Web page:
Years ago, I went to visit Costa Rica. I had wanted to go white water rafting. I told my old college roomate about my plan and she said, “My mom lives there and has a house there. Can I go, too?” I said yes to that. I had no idea her mother, Carol, had moved there and that Kate went to Costa Rica regularly.
Carol’s house was much nicer than I had imagined. I thought we could stay in the mountains for a few days before going to another part of the country, where the river ran. I had wanted to get to water, and thought there would be none up where we were staying. Someone forgot to tell me about the pool overlooking a vista with five distant, yet visible volcanoes.
Carol wanted to take us to one of the nearby towns, which was famous for its tourist crafts, as a nice way to put money into the local economy. We drove through other towns to this place that was like a wooden mall, full of souvenirs. To be honest, I found most of it to be pointless and ugly. I'm not trying to be mean. I know someone had to make all of it, but I was not really attracted to almost any of it. I bought a small tin cup with a painting of a building on it. There, I bought something. As the other two browsed, I started to hang around by the front door, a sure sign that I am “done” with a place. While I was hanging around out front, I noticed a man a little down the road with some paintings propped up on makeshift easels. They had wanted to head back, but I asked my companions for a few minutes to go check out what he was up to. They let me investigate and came to look too.
We walked down the road. A small studio was perched on the side of the road, with the jungle slanting back and down, behind. In my crappy Spanish, I was able to praise the man, Ulises (like Ulysses), for his work, which was very strong and simultaneously sophisticated and primitive. I bought one of his paintings!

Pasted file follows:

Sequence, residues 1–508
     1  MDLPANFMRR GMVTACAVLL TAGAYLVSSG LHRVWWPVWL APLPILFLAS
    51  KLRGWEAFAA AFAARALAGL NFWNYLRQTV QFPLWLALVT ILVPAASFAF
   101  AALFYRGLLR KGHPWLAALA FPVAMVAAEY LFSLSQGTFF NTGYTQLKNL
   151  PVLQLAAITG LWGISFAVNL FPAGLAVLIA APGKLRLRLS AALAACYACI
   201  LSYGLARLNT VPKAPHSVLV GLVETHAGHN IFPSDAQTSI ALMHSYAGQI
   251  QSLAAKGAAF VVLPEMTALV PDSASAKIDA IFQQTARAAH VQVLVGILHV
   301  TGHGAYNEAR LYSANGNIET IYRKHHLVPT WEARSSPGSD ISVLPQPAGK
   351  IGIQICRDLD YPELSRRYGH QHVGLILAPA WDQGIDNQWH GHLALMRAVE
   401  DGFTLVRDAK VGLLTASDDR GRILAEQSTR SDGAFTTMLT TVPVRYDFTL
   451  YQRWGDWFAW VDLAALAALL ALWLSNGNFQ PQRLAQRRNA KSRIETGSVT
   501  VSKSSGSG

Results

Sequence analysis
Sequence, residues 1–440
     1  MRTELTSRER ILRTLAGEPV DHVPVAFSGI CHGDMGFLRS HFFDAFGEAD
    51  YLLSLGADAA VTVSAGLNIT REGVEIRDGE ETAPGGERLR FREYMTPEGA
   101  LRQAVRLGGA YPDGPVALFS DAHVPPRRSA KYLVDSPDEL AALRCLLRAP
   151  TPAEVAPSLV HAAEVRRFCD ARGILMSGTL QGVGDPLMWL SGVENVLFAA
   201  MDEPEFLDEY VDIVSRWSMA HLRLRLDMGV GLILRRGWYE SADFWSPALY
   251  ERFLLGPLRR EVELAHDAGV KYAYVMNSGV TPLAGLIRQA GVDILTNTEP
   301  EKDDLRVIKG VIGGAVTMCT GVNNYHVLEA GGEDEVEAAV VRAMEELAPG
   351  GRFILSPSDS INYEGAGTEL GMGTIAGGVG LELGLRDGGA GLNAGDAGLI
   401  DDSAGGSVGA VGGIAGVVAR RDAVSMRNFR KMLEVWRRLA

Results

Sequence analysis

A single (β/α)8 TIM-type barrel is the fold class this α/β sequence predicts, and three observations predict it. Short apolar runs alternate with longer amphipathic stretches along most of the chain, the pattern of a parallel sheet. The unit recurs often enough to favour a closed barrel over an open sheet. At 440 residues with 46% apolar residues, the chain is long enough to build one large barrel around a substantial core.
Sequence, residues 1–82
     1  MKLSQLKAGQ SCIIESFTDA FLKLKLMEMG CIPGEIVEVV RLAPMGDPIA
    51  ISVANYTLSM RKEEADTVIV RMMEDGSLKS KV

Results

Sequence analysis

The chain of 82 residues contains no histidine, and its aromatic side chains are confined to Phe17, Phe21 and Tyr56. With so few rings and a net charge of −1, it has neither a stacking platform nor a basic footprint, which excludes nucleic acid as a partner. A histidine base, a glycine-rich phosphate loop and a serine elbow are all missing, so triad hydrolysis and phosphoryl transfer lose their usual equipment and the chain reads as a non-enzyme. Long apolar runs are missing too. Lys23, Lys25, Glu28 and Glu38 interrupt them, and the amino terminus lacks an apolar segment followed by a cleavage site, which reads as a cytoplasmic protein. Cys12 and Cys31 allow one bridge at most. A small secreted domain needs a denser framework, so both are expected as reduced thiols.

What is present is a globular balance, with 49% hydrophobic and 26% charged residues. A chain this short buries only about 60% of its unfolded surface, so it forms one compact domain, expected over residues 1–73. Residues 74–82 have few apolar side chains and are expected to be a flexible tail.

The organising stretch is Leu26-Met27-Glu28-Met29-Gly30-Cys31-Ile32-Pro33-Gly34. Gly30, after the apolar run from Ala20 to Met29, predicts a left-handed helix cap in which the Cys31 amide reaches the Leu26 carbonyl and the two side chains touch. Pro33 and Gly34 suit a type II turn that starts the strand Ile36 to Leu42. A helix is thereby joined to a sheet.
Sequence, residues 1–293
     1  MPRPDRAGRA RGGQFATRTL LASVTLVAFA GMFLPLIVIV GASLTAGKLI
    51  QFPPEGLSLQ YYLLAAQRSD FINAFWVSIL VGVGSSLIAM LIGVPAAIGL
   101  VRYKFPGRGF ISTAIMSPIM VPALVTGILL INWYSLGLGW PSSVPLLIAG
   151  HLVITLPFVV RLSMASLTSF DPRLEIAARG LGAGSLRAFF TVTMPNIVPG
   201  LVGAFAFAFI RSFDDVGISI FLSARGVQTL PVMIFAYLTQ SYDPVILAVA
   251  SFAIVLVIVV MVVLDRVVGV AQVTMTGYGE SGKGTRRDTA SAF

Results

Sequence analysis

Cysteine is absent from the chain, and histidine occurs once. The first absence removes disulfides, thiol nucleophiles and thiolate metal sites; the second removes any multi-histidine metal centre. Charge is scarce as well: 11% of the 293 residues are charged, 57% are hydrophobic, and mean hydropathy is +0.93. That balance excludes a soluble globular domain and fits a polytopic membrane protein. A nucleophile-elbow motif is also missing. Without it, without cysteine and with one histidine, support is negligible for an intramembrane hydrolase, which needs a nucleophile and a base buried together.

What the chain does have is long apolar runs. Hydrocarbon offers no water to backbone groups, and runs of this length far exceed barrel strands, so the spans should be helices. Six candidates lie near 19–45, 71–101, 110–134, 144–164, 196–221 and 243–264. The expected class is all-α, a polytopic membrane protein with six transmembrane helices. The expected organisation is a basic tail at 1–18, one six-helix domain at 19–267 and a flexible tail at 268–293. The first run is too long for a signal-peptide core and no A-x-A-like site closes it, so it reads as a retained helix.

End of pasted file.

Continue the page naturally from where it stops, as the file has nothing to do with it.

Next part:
In the studio, there was a tray of burnt looking clay figures and fragments. I picked up a feline looking head, a Jaguar head. I asked if that was his sculpture and began to praise the heck out of it. He said no, that it was an artifact he found in the jungle that stretched out back.
I had been going on and on about how cool it was that he had found it, wondering how old it was, who made it, and everything like that. He was so grateful that I had bought a painting, a REAL painting, instead of the tourist crap next door - that he insisted that I take the artifact. He would not take no for an answer. It was, and is, a fabulous gift.
Since then, I move it around my house. Often, it lives on my bedside table, where it usually looks good with whatever else is going on there. I really like it. It inspires me in a way. I painted a surface about it. I used a permutation of said surface in a photoshoot for Claflin, Thayer & Co.
As my violet began to bloom, next to the artifact, I got a lot of enjoyment from just glancing at those two things. The elements began to combine in my mind. When last in New York, I went to the Met. I had taken a photo of an ancient painting of tiger skin rug. I liked how they stylized the spots. I spent a long time drawing the violets and the shapes of the spots for this design.
The final design may be view in the password protected gallery. Request the password using email via the contact page.